A profanity called ‘choice’

Photo courtesy: Ng Wei Jiang

We have too much choice for everything. A simple search of ‘Coke’ on the Tesco online grocery webpage leads to results that are spread over 41 pages (a combination of varieties, SKUs and bundles). Levi’s Original 501 jeans is available in 40 varieties (a combination of colours, cuts and types). The Walkers brand is now available in 12 varieties (with multiple flavours in each variety). Pizza Hut sells more than 20 different types of pizzas. Head & Shoulders shampoo is sold in 16 different variants (a combination of SKUs within the range).

The abundance of choice is a very democratic experience for customers and prevents them from getting the perception that they are being closeted. In the age of customisation, it has become an important brand differentiator to be able to cater to “each and every form of need”.

Psychologist Barry Schwartz, in his book Why More is Less, has suggested that the abundance of choices does not make us any efficient. On the contrary, it paralyses us as we procrastinate about the decisions we need to take. Does the fact that you have delayed buying that critical home and contents insurance after being presented with 70 options online sound familiar?

Unbridled innovation is a strong factor that adds to choices, makes them complex to navigate and ends up confusing the consumer. The iconic Malibu Rum’s sluggish growth in 2014–2015 was attributed to too many innovations to add to its range. This profanity called “choice” has now started impeding progress on other aspects of the marketing and brand building functions. Consider the following dilemmas (quite a few of them adapted from my real life experiences):

  • 15% of media investments on a brand for the next year need to be on social media platforms, but there are 10 of them to choose from
  • I have been given £100k to spend on media this year, but my brand has 7 variants and I need to push all of them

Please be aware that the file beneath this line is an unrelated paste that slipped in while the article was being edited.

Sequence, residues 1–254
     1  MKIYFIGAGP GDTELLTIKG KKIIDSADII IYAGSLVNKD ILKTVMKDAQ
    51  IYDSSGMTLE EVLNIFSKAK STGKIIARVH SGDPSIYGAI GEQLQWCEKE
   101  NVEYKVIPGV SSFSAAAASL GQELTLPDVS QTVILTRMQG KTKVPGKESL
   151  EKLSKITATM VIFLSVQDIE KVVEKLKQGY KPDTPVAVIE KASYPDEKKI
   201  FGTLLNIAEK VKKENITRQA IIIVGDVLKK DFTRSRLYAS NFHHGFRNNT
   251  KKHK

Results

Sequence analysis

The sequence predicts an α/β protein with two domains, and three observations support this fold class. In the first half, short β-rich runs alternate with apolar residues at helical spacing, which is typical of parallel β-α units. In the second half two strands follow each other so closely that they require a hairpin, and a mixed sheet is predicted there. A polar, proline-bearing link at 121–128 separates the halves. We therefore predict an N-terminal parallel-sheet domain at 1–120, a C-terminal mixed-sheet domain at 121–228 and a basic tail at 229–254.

• 80% of the sales of a brand comes from 2–3 variants but we cannot discontinue the weaker variants as they have seasonal peaks and troughs
  • I have just launched a 900ml SKU across the brand portfolio; this would be the 6th SKU across 8 flavours; 900ml is the ideal size to carry (neither too heavy nor to less in quantity) and also the most economical to manufacture
  • There is a need to refresh the brand’s lineup; we are going to invest in rolling out 4 new flavours that are aligned with flavour trends across cuisines

Moving on from brand choices and media choices, it is important to understand the strategic ramifications, which is in portfolio sizes. When a brand has a bulging portfolio, it has made a choice to have a bulging portfolio.

In this 2005 MIT Sloan Management Review article, the authors argue that optimum portfolio size and management can be achieved by looking at two critical things — ‘contribution of each brand to the overall portfolio revenue’ and ‘each brand’s current status and future potential.’

The “choice” beast raises its head across the whole brand management life cycle:

  • Seeking information and making a decision: Too many choices that make the purchase funnel even more disruptive and non-linear
  • Making a purchase: Too many choices leading to last minute postponement, confused purchase decisions or even the abandonment of the whole purchase
  • Customer service: Too many experimental channels combined with traditional ones leading to a confused mix of platforms from where customer service can be conducted
  • Recommendation / loyalty loop: Too many platforms to leave feedback on, shower praise, give strong recommendations, different dimensions of loyalty or signs of it (likes, mentions, retweets, reviews etc.)